The idea of gas station sushi might conjure images of raw fish sitting out for hours, and rice that has turned crispy and hard. The thought is so shudder-inducing, the insurance company, Esurance, made a commercial comparing raw fish bought by the pump to sketchy auto insurance. “We all make bad decisions,” the voiceover for that commercial goes, “like, say, gas station sushi. Cheap is good, and sushi good, but cheap sushi—not so good.”
The upshot is that a gas station is an unlikely place to find sushi that’s safe to eat, let alone tasty. But that’s exactly what is for sale inside Lee’s Fresh Sushi & Deli. The BP gas station at corner of Poplar and Ridgeway avenues is known in Memphis as the “sushi gas station.”
According to manager Jung Jin “JJ” Lee, the pick-up-and-go sushi is made fresh everday at the gas station’s small deli counter. One of the reasons Lee’s sushi tastes good is he gets his ingredients from the same place that local restaurants do. “It’s not like we have any oceans, or lakes, or rivers where we could can catch tuna and then cut it up ourselves. So, we all have to get the ingredient from the same vendors,” Lee explained. “You know, we still have a health department testing like every other restaurant.”
In 2002, Lee’s family bought the gas station, located next to the Shea Ear Clinic, from Dr. John Shea, Jr. The family had seen pick-up-and-go sushi fly off shelves in Detroit. If the concept didn’t work at their gas station in Memphis, they planned to try another food. They never had to. Sushi is a top seller. The store sells 200 to 300 boxes daily.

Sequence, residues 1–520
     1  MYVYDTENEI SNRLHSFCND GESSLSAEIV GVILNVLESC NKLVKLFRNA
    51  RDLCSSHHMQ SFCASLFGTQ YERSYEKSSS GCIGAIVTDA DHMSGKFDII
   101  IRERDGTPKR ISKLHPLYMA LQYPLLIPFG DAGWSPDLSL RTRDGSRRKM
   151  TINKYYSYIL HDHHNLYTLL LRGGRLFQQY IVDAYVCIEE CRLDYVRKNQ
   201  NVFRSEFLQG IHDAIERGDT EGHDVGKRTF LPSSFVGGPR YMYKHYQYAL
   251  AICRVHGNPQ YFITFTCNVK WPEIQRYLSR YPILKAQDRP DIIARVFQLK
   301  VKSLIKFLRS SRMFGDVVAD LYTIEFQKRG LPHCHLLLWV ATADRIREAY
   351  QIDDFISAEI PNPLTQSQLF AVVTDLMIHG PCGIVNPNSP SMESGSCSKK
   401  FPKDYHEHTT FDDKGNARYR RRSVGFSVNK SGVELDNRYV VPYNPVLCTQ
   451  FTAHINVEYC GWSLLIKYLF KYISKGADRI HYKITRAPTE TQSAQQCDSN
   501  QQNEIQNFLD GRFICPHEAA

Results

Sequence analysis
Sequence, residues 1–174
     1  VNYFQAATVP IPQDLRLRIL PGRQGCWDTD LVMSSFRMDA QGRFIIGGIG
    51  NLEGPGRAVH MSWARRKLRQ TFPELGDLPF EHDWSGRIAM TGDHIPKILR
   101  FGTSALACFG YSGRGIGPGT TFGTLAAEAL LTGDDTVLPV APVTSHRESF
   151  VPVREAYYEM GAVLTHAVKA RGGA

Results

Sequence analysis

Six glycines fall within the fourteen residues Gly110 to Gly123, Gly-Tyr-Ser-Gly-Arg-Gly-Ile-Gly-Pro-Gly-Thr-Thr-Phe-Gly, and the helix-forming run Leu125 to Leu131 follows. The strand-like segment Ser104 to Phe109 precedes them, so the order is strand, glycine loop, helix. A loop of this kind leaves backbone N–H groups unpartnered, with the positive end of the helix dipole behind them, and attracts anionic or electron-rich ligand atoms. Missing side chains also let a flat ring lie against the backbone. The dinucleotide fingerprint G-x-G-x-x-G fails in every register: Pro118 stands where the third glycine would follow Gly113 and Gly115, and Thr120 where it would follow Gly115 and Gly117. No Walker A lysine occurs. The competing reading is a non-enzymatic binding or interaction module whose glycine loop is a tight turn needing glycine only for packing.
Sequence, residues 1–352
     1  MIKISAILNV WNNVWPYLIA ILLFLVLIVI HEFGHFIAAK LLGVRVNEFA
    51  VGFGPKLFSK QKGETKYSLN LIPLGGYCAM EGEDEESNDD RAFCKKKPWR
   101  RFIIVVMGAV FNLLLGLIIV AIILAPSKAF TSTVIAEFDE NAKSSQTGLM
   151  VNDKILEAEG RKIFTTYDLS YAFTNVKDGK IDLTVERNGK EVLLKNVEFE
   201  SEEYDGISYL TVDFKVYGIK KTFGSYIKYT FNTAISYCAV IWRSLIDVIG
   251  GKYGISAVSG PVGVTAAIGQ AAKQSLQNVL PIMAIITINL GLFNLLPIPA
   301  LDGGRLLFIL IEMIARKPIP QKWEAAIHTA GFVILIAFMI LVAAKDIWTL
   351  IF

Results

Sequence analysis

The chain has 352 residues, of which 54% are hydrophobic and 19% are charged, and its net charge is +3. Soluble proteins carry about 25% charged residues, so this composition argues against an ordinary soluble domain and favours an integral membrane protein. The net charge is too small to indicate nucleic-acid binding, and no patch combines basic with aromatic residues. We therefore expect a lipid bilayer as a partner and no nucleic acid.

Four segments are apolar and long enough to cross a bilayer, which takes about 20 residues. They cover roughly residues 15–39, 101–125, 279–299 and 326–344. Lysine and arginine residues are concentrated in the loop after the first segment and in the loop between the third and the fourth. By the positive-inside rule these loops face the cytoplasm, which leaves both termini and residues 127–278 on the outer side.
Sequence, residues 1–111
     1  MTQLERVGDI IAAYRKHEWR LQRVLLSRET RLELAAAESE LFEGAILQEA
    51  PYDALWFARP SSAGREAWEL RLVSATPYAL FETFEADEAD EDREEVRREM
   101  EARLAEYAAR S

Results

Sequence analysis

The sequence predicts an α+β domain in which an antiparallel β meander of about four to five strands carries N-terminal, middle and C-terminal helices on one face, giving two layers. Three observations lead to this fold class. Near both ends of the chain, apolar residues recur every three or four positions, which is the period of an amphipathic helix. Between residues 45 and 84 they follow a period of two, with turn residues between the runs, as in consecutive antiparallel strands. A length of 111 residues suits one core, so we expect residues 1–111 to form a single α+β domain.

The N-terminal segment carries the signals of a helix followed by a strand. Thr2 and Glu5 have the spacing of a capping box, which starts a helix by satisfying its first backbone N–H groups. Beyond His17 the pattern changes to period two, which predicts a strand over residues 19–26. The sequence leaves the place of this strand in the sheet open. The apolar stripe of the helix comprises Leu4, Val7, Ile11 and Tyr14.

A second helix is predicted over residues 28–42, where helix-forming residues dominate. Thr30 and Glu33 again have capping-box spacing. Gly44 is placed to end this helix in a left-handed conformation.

The gas station also provides sushi for the cafeterias at the Nike distribution centers in Memphis, and several catering companies, including Fork in the Road, and Hog Wild’s A Moveable Feast. A few years ago, the gas station was featured in Gourmet magazine.
Even so, most of their sushi business comes from word of mouth. Elizabeth Saxton works nearby and is a regular customer. She recommends Lee’s to her friends.
“This is the only sushi I’ve ever had from a gas station, but I’m often telling people that they should try it and not be afraid, or think that it would not be good just because it is from a gas station,” Saxton said.
Although their sushi is popular, Lee hasn’t considered a separate restaurant. Lee estimates the sushi grosses more than $8,000 dollars a week, without the additional overhead expenses. Within the store, only one product outsells sushi in volume.
“If you talk about inside sales, I would have to say cigarettes,” Lee said. “If it goes down to food, it would be sushi, beer, and then candy.”
With such a successful product, it was surprising to find out the sushi chef for the past three years, Ace Hodge, is allergic to shellfish. He cannot taste the ingredients, and the food sometimes irritates him through the safety gloves.
“Crawfish is the only one that actually feels like acid on my hands,” Hodge said. “The rest of them are a little mild. I guess you could say I know how to make it and what tastes good just by the way it smells, and customers’ reactions.”
One thing Lee’s customers have been reacting to recently is the Esurance commercial denigrating gas station sushi. The company and Lee have spoken on the phone, “Matter of fact, I was contacted by Esurance,” Lee said. “Saying that it [the commercial] wasn’t, it wasn’t directly to you. He actually didn’t know there was such a thing.”